They’re coming out with a line of new bags that have an expanded range of modular options–basically little widgets you can stick to the inside walls of the bags. These lean toward cell phone pockets and memory car holders vs. film compartments and such, but they’re sharp bags. They’re almost a little too sharp. I like the dull look of a Domke bag. It’s super useful and doesn’t draw a bunch of attention to itself.

The Billingham bag is aspirational for many of us, but it’s become synonymous with Leica in my head, perhaps because of the Tamarkin shop and their fondness of the Billingham brand. It’s almost a little too fancy for my taste, with its lightly styled leather straps and perfectly complementary colors. But under the “look” is an amazing bag, wrapped in materials sourced specifically for the purpose of keeping water out and not wearing out. You wear out a Billingham, you trade it in for a new one at no cost. The pieces of fabric have hidden codes so the factory can figure out why and how your bag malfunctioned. Many sizes, many purposes. The larger ones supposedly make great overnight bags. Touch one, open it up, and you’ll understand that some serious folks designed a serious bag. While they had great prices for the show and I was sorely tempted, I couldn’t justify the purchase. If I had been able to buy something at the show it would have been that Manfrotto jacket  anyway.

I’m so over this post-bankruptcy empty shell of a brand they call Polaroid. There they were with their odd mix of mirror telephoto lenses, digital printers, and all kinds of other random accessories that would have had Edwin Land scratching his head were he still around. The teeth gritting came when I saw the display I photographed above: A frame, enclosing the iconic Polaroid frame, enclosing ads for a digital printer and an instant camera that’s actually manufactured by Fujifilm (thank you Fujifilm). Sorry Polaroid, I think it’s time you gave up your claim to that frame. You don’t make any film that uses it any more. That’s all in Fujifilm and Impossible Project’s hands.

Do you know You should. They’re (as they say) the world’s largest used camera dealer. They sell new, too. They have excellent prices on used gear, and their grading is conservative to a fault. I routinely by “bargain” grade gear from them that many eBay sellers (and some local retailers) would grade as EXC++ or NM. They have a great selection of film cameras and accessories, from point-and-shoots all the way up to large format. Hasselblad extension tubes, body caps for vintage Canon rangefinders, you name it, it’s passed through there. Next time you’re looking for that odd accessory, want to finally pick up that rare lens, or are just dying to get your hands on a pre-war Leica, give them a shot.

I shot most of these photographs with a Leica M4 and Cosina-Voigtlander 21mm Color-Skopar. The film is Arista Premium 400, aka Tri-X. The color photos were taken with a Ricoh GR Digital III.

The Skopar is a fun lens to use. It’s very compact and easy to focus. It is rangefinder-coupled, but it’s depth of field is very generous, so it’s blast for street photography. I use the excellent Voigtlander 21/25 optical finder with it, a solid, metal finder that’s easy to use.

I shot the film at an exposure index of 1000 to compensate for the lens’s f4 maximum aperture and the incredibly awful light of the Javits Center (where the expo was staged). It’s also the speed at which I expose Tri-X for Diafine, which is an easy workflow. I had intended to post this on Friday night (I took them on Friday), but life got in the way of that. I was in the mindset of “can I shoot a show, write about it, and post it all in one day?” I could have if it were my job, I suppose.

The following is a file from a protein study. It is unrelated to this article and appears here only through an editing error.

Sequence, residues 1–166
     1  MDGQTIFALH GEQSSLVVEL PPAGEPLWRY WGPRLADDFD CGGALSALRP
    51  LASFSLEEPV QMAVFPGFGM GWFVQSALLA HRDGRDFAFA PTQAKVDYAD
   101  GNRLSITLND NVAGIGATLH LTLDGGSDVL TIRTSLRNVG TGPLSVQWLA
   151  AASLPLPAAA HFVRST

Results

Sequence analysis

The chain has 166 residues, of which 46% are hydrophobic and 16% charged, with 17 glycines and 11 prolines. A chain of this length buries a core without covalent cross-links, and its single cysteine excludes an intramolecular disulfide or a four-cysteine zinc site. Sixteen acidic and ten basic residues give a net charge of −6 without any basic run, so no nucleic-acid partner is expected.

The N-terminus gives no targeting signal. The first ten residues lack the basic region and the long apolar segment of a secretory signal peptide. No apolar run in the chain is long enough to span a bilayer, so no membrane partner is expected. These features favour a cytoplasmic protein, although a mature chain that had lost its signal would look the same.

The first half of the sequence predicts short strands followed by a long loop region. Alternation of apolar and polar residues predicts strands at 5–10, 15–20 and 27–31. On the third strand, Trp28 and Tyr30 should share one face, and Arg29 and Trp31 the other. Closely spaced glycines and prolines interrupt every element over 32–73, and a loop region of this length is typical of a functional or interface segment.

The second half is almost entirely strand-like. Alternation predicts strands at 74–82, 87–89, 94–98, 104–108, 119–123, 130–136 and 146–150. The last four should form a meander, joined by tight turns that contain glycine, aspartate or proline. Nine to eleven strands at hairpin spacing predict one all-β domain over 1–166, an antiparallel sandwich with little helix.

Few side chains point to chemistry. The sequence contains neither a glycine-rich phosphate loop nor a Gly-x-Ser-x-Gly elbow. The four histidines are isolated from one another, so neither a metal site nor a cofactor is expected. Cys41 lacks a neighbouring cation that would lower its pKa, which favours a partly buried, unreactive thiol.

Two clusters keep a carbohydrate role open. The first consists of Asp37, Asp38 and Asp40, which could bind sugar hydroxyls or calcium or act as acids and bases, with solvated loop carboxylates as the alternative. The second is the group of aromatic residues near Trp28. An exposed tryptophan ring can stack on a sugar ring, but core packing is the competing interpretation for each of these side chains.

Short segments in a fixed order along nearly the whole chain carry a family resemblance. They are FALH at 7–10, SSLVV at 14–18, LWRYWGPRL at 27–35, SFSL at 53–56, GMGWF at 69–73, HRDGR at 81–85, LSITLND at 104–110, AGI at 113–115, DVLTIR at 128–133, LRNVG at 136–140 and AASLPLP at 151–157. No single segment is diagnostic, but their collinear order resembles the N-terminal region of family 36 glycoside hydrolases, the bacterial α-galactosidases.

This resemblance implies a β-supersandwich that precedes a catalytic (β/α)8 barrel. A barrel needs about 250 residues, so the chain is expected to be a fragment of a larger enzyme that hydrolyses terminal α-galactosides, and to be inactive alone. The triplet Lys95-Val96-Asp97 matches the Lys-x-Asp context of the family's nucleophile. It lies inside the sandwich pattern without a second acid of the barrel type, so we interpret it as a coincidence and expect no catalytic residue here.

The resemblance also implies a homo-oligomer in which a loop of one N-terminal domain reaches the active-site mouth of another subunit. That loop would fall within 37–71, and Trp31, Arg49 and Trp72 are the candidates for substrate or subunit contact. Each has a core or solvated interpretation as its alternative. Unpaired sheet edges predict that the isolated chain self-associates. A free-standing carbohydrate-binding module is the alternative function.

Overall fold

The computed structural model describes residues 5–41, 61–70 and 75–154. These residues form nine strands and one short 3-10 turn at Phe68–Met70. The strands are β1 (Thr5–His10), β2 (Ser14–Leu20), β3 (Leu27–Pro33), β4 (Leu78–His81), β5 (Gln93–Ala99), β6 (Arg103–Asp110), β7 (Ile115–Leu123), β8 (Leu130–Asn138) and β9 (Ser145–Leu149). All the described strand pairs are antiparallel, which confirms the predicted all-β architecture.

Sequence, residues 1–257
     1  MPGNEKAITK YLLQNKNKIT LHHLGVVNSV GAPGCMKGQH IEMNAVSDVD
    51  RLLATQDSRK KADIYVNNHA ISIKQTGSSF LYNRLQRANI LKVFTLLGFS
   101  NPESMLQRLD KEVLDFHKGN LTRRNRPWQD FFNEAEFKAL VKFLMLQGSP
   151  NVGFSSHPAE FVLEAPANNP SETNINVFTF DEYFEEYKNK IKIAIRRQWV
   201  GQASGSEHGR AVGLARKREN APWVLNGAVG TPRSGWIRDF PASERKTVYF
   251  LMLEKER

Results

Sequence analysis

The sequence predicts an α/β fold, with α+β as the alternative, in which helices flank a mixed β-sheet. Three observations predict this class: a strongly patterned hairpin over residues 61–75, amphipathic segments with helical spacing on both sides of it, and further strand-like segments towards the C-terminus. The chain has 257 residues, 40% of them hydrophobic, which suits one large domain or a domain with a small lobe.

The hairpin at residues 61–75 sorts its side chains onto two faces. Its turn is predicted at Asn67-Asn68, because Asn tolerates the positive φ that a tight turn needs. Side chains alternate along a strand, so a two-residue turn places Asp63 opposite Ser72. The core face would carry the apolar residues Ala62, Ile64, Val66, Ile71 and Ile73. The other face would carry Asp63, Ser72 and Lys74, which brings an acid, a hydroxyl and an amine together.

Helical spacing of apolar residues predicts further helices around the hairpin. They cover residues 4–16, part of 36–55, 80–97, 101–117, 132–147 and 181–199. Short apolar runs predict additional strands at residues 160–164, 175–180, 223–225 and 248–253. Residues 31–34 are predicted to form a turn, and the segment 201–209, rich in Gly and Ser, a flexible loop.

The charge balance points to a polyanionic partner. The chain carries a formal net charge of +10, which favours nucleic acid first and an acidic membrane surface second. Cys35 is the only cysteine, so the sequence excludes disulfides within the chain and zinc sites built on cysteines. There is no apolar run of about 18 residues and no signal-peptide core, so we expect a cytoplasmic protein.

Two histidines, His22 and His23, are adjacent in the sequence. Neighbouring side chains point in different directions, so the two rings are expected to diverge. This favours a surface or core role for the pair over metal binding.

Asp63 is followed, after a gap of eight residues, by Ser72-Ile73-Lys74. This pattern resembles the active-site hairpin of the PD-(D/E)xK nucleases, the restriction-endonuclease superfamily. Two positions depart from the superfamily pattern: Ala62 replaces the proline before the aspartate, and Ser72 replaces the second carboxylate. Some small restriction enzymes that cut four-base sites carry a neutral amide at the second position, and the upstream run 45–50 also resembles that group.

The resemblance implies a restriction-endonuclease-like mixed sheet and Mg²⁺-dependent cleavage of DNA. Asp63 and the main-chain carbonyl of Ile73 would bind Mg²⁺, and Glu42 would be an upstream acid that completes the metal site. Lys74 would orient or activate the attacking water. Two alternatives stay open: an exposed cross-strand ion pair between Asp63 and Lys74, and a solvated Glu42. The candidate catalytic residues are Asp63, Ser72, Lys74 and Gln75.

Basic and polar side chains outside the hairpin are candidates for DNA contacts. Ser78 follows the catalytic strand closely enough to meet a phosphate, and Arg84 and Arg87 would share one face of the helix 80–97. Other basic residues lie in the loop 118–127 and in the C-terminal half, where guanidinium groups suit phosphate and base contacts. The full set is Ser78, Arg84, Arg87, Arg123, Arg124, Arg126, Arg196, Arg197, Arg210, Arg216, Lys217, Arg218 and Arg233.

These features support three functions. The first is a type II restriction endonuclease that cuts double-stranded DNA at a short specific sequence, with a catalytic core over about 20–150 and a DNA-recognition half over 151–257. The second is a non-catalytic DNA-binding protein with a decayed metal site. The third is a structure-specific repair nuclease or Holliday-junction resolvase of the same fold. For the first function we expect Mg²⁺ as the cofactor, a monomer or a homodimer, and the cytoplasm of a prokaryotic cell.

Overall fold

So what is the state of film photography these days? I’m heartened by the folks who are dedicated to the gear–the Keith Canhams and KEHs of the world, and by those who focus on film photography–the folks at Freestyle Photo especially. Kudos of course to Ilford, FOTOIMPEX, Fujifilm, Kodak and everyone else who’s actually still manufacturing film. But it’s just going to get more expensive and film will be more of a boutique item, with fewer choices. What are there, 5 transparency film (slide) options now, all from Fujifilm? No Ektachrome, no Kodachrome. No Plus-X. No Tri-X Pro 320. No Neopan 1600. No Technical Pan. Fotokemika is not repairing their repairable manufacturing equipment because they realize they can’t make back the money. The volume and willingness to pay higher prices simply isn’t there, especially for their silver-rich emulsions. So Efke (and some Adox films which are rebranded Efke) won’t be around in the immediate future–paper too.

And what about the darkroom? This is anecdotal, but I wait longer and longer for certain chemicals to reappear on Calumet’s shelves. My pal at B&H in the darkroom department reassures me that Diafine won’t disappear any year soon, but it only takes a slight shift in demand, or a manufacturing issue, for things to change. Adox caught the ball with Adonal replacing Rodinal, but that won’t always be the case. How much of Kodak’s chemistry will disappear?

In my opinion, those of us with a bit of money and access to the internet (or who live in New York or other major metro areas) will still be able to shoot film comfortably. Someone’s still manufacturing it. Companies like Freestyle are doing good volume (I think) with their own chemical lines that replicate classic and contemporary developers like D-76/ID-11 and XTOL.

Given the need, we could all mix our own darkroom chemicals. We may lose the convenience, but the science doesn’t change. Who knows? In 20 years’ time we may be coating our own plates and breathing in the same fumes that our forebears did in the late 19th century. It might not be a niche option anymore but a necessity.

For now, quit hoarding, shoot all your film, and buy some more. That’s the best way you can voice your desire to support film photography. I like how Silk soy milk puts it on their carton: “Shake Well & Buy Often.”